Memory allocations and performance with multithreading

I’m trying to take use of mulithreading to parallelize an internal loop, but while it works (correct answer and I can see CPU being used), there is a serious performance hit:

function update(x, Δt)
    return x + 0.5 * Δt * x
end


function compute_nothreaded(x0_vals, Δt, nΔt)
        x_vals = copy(x0_vals);
        
        nx = length(x0_vals);
        
        for n in 1:nΔt
            @. x_vals = update(x_vals, Δt);
        end
        return x_vals
end


function compute_threaded(x0_vals, Δt, nΔt)
        x_vals = copy(x0_vals);
        
        nx = length(x0_vals);
        
        for n in 1:nΔt
            Threads.@threads for j in 1:nx
                x_vals[j] = update(x_vals[j], Δt)
            end
        end
        return x_vals
end

Random.seed!(100);
x0 = randn(10);
x₀ = [1.0];
Δt = 0.5;
nΔt = 10^2;

f1(x) = sin(x)
f2(x) = x^2

# compute_threaded(x0, Δt, nΔt, (f1,))

@btime compute_threaded($x0, $Δt, $nΔt)
@btime compute_threaded($x0, $Δt, $nΔt)
@btime compute_threaded($x0, $Δt, $nΔt)

  4.299 ms (4230 allocations: 319.81 KiB)
  4.178 ms (4224 allocations: 319.62 KiB)
  4.309 ms (4227 allocations: 319.72 KiB)

@btime compute_nothreaded($x0, $Δt, $nΔt)
@btime compute_nothreaded($x0, $Δt, $nΔt)
@btime compute_nothreaded($x0, $Δt, $nΔt)

  928.654 ns (1 allocation: 160 bytes)
  882.420 ns (1 allocation: 160 bytes)
  931.420 ns (1 allocation: 160 bytes)

This is the proptotype for a problem with a much more expensive update function.

The actual update function is important in the decision. But you may try FLoops or @avxt from LoopVectorization as alternatives.

Starting thread has its own overhead. In this implementation you launch 100*Threads.nthreads() threads, where each thread do only couple of calculations. You should put threads to an outer loop.

Also, you can’t observe benefits of multithreading for small data, for the same reason (you have overhead). Try to increase number of nx and nDt.

More importantly, it looks like you’re trying to mutate x_vals from multiple threads. Considering the indexing being unique maybe this isn’t somehow thread-unsafe code, although it may still be, but if I re-write your function to just use a parallel map and crank up the size of x0 it benefits from threading the way you would expect. So I think this pattern of looping over something with multiple threads and mutating at individual indices just isn’t a good pattern for performance. Although I bet somebody like @tkf would have a much better/more informative answer…

EDIT: I made a mistake in my quick benchmark and take back the comment that the loop which updates a buffer using multiple threads is a bad pattern. It seems to be very competitive in this setting.

The amount of computation is too small for the current task scheduler to improve the performance by parallelization. You need larger nx so that one for j loop takes at least (say) 10 μs.

x_vals for n depends on n-1. So, there is no trivial way to parallelize this at the outer loop. I think it’s possible to create a spin-based barrier to handle the synchronization at each for n loop. But although it may improve latency, it can hurt throughput if there are other parallel tasks in your julia process.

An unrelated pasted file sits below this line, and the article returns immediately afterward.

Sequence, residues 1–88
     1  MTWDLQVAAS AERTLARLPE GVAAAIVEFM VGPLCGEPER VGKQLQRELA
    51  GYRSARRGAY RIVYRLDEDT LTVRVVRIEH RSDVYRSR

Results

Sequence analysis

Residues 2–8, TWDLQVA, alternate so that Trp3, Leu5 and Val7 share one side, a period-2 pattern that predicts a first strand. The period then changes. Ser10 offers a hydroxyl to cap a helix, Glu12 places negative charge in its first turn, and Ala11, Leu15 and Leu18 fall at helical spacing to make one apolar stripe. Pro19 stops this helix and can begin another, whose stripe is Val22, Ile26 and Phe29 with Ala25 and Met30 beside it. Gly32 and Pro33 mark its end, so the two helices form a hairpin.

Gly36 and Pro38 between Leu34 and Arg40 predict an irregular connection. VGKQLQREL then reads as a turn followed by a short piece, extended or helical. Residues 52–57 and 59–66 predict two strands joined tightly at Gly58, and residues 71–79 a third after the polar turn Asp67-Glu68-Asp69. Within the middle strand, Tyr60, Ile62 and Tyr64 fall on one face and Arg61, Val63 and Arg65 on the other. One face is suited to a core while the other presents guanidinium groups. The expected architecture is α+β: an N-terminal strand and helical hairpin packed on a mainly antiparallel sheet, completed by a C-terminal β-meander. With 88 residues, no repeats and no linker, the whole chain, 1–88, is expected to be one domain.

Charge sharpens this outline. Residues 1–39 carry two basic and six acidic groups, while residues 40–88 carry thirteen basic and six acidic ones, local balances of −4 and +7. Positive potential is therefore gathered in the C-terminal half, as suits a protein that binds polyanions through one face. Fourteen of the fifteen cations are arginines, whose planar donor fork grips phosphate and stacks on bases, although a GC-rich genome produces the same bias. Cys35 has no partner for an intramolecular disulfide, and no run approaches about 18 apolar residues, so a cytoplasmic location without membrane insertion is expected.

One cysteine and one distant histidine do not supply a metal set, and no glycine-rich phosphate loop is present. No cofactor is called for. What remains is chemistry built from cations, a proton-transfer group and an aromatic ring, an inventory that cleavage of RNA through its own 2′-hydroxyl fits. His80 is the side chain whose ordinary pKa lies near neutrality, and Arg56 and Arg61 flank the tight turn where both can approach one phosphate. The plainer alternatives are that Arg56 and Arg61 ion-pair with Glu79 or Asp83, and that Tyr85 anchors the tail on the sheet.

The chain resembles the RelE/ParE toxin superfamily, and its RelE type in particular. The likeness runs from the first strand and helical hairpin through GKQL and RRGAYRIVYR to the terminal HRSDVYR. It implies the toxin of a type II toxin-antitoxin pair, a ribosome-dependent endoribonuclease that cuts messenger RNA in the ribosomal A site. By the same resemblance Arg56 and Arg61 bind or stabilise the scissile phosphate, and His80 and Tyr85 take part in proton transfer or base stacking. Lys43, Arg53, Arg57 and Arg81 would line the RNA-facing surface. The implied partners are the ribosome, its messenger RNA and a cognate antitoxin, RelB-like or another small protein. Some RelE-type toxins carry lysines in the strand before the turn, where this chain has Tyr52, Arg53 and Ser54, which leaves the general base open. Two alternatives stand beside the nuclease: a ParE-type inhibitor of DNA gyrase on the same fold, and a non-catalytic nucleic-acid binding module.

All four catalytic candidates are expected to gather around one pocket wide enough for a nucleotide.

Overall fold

Yes, it’s actually fine, considering every task touches different j and x_vals is an Array.

(Side note: these two conditions are both important. For example, if xs[j] = true can still be a data race if xs isa BitVector since xs[j] and xs[j+1] can touch the same memory location.)

4 Likes

x_vals for n depends on n-1 . So, there is no trivial way to parallelize this at the outer loop.

In this particular example it is possible to change order of inner and outer loop, since there is no interaction between x_vals[i] and x_vals[j]

function compute_threaded(x0_vals, Δt, nΔt)
        x_vals = copy(x0_vals);
        
        nx = length(x0_vals);
        
        Threads.@threads for j in 1:nx
            for n in 1:nΔt
                x_vals[j] = update(x_vals[j], Δt)
            end
        end
        return x_vals
end

but this is probably not what the author wants, since we can assume that in more complicated MWE dependence between different elements exists. In this case, one can use something like Nbabel nbody integrator speed up - #30 by Skoffer but as it was said a few times already, such approaches are useful only for rather large size of vector.

2 Likes

My bad. You are right. The loops can be flipped in this case.

Yes, in a full version, I would like to be able to do some reductions at each value of n, requiring computation across the array. Regarding the comments about the ``size of the vector’’, would, hypothetically, I get speedup if the array remained relatively small, but the update function were much more costly (closer to my actual case)?

I know that I could also do this using Distributed, but I’m a bit reluctant to switch to that because I have some custom data types in my actual problem that I don’t think play nicely with SharedArrays, though that can be further investigated.

As it was said by tkf, rule of thumb is something like 10 μs (it’s very inexact estimate of course) for one internal loop, so you maybe get some acceleration if a single update function runs close to 1 μs, maybe more. But if it does it only because it is inefficient, and generates lots of allocations, then it’ll be affected by GC pressure. And it is better to have optimized version anyway :slight_smile:

Distributed are of no help here, cause their overhead even higher, since they are starting different processes, may be even on different servers, so their intended use when calculation time is much much higher then process interaction time.